My immediate reaction was that my performance was lacklustre. 43rd position after such a struggle of a day is certainly nothing to write home about. But the story of the day is (still, sorry) how much I love this race. The passion for it just doesn’t seem to diminish as it throws punches at me but sucks me harder in like an abusive relationship.
The day was not fantastic in meteorological conditions. That seemed to be the preoccupation of most of the 650 people starting the race on probably the worst Sunday morning for a few months. Heavy rain showers made the roads soaking, and on the 3.3 mile road section to Gill Garth we all got thoroughly wet (climbing 253 feet in 3.3 miles at 21.3 mph average… you almost didn’t notice!) Not that wet is a huge problem – it affects everyone in the field the same, but it wasn’t the most comfortable of mornings. As usual, it’s nice to make the turn off the road and get the real race started.
My perennial problem of, basically, not being a very good climber on a bike kicked in straight away and as usual I tried not to let that take control of me. I just ploughed on up the interminable Simon Fell which gradually reduces everyone to a gasping walk and evens the field somewhat. Even so, despite pushing on the best I could, I knew I was down on both position and time, reaching the checkpoint in the mist-shrowded Ingleborough about 3 minutes slower than last year’s time, and generally down on the average times I could expect to get to that first check point. My position bore that out too, but I never try to worry about that … I can’t control how fast or slow everyone else is shouldering a bike up a mountain.
As usual, I managed to make up a load of places on the descent of Ingleborough to Cold Cotes. I don’t know why or how, but it’s what I do.
I didn’t make to get near my own 2008 record for the 2.7 mile / 1500 foot drop on a mixture of bogs and rocky footpath, but it was certainly one of my more flowing and intelligent descents of the hill. Passing 23 people, I was in a fairly respectable 34th by the time we hit the checkpoint and I changed my bike / grabbed a bottle from Phil and Angus.
— R__ _usten (@RabAusten) September 26, 2016
In retrospect, things were not destined to get any better for me after this. The position gains I made started to ebb away on the inclines – both on-bike and on-foot after Ingleborough and although losses weren’t dramatic, things ebbed away bit by bit. I held things together well on the steep climb up Whernside carrying the bike but again, it was when I remounted the bike that I simply had watts available than everyone around me.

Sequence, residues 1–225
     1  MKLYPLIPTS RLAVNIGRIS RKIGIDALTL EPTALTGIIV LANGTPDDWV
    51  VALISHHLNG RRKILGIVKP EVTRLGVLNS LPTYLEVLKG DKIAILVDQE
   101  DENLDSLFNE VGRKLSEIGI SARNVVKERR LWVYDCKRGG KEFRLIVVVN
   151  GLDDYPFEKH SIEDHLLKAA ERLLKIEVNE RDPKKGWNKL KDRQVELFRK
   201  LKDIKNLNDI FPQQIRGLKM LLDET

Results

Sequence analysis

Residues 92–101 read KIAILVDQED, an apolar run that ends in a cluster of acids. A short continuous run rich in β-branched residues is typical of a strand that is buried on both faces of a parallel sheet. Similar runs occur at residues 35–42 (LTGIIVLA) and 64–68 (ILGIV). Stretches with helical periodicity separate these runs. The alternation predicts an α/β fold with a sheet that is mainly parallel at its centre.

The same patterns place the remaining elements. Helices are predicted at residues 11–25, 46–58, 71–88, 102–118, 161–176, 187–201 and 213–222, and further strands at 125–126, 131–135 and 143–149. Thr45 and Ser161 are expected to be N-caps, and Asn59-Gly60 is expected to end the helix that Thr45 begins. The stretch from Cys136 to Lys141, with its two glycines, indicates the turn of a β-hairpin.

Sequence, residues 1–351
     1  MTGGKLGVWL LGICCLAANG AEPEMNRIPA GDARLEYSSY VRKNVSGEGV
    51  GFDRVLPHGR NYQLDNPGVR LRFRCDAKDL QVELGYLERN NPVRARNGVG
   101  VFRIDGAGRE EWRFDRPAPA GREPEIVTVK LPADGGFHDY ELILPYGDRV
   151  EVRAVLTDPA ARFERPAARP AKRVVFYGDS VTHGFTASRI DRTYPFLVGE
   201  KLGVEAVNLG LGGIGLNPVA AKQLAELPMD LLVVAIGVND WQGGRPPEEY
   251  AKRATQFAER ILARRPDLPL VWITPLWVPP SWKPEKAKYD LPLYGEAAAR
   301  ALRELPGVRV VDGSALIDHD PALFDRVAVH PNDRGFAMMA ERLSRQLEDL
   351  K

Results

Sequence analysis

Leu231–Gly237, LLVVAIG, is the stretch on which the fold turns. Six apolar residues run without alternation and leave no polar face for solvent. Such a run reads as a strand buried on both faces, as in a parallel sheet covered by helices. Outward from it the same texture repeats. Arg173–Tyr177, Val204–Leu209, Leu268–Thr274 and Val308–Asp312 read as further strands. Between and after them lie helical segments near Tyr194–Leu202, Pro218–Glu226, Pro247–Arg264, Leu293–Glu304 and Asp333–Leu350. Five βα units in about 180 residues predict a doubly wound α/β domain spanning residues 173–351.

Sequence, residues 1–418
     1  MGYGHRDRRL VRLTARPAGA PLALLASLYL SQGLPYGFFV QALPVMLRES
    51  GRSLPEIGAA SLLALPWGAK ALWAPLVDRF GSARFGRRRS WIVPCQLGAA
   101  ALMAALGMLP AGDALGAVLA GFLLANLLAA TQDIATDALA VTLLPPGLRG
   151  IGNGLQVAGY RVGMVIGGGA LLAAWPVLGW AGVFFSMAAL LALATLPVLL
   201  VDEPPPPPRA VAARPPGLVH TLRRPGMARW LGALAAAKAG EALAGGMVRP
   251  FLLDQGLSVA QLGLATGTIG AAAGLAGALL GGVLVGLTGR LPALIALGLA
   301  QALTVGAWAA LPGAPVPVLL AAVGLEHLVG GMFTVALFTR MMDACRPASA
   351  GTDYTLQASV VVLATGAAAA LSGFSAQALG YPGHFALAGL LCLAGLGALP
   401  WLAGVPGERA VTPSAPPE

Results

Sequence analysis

By the desperately stormy / hailstoney summit I’d slipped a sickening ten places and was 44th. For the second time, the descent paid me back and I managed to reclaim 9 of the positions. I’d fought like hell but still was scrapping only for something around the top 30. This, from being in the top ten a handful of years ago … 🙁
— Chris Meads (@chrismeadsphoto) September 25, 2016
Bad to worse
Although I’d held things together, avoided cramp, eaten well, stayed on the bike, and kept free of mechanical problems, what was about to happen was a bit of a kick in the teeth. Punctures in the 3 Peaks are an accepted hazard, but an almighty bang on the road section between Ribblehead and Horton. On the ROAD section. Sickening. Flat rear tyre, but luckily a tubular, so it stayed on the rim as, yet again, riders slipped past me one by one. What was really going on here though was not a tale of bad luck. The three minutes or so that riding on this flat tyre cost me over 2.8 miles were a bit of a smokescreen (okay – and £60 for the tyre!) Having metaphorically fought the dragon on all the climbs of the race so far, I knew that Penyghent was going to slay me. It was a matter of time.
And so, after the brief humiliation of having to push the flat-tyred bike up the first very rideable couple of hundred yards up Horton Scar Lane, I finally reached the spare bike, handed to me by nephew Angus. I thought to myself be careful what you wish for here, as it dawned on me that now I was on a sound bike, I had to pedal up a bloody mountain. Hey ho – just keep on keeping on.
All told, the Penyghent climb was not too bad for me. I never expected to overtake people and it was always going to be a case of limiting losses, and I managed to probably only lose about 6 places up the long climb. The advantage here is that the vast majority of riders are equally knackered here, and although I had little choice about the pace I could keep, I managed to be sensible about where I mounted and dismounted, and avoided the dreaded cramp. On the descent, despite my big gains on Ingleborough and Whernside downhill, there was a sudden realisation that I was scrapping about for such minor positions that it didn’t really matter, and I was better to stay safe. Nobody remembers whether you’re 38th or 48th, so I took my foot off the gas a bit and enjoyed a no-pressure descent. Obviously, that involved overtaking loads of people, but just less than I would have normally 🙂
My slightly deflated feeling at what I suspect is basically the ageing process taking its toll on me could be seen as slightly harsh. 3 hrs 34 on a pretty grim day is not a bad time, puncture etc taken into account, but despite the inability to push it out on the climbs, it felt like there was more that could have been done. Looking back now (very early Monday morning…) it’s possibly not the case. It’s a hard, hard race, and tough things happen, but ultimately its beauty is in how damned hard it is. I’ll be back.
Many thanks for all my help to and support to
- Katie (and the girls)
- Phil, Angus & Anne
- Planet X Bikes
- The organisers and marshalls of the 3 Peaks Cyclocross
- the photographers (Steve Fleming, Chris Meads, Adrian Nicholls / SportSunday, Mark Barker, Phil Haygarth, Yellowberry.com, Jack Chevell / CXHANDBOOK)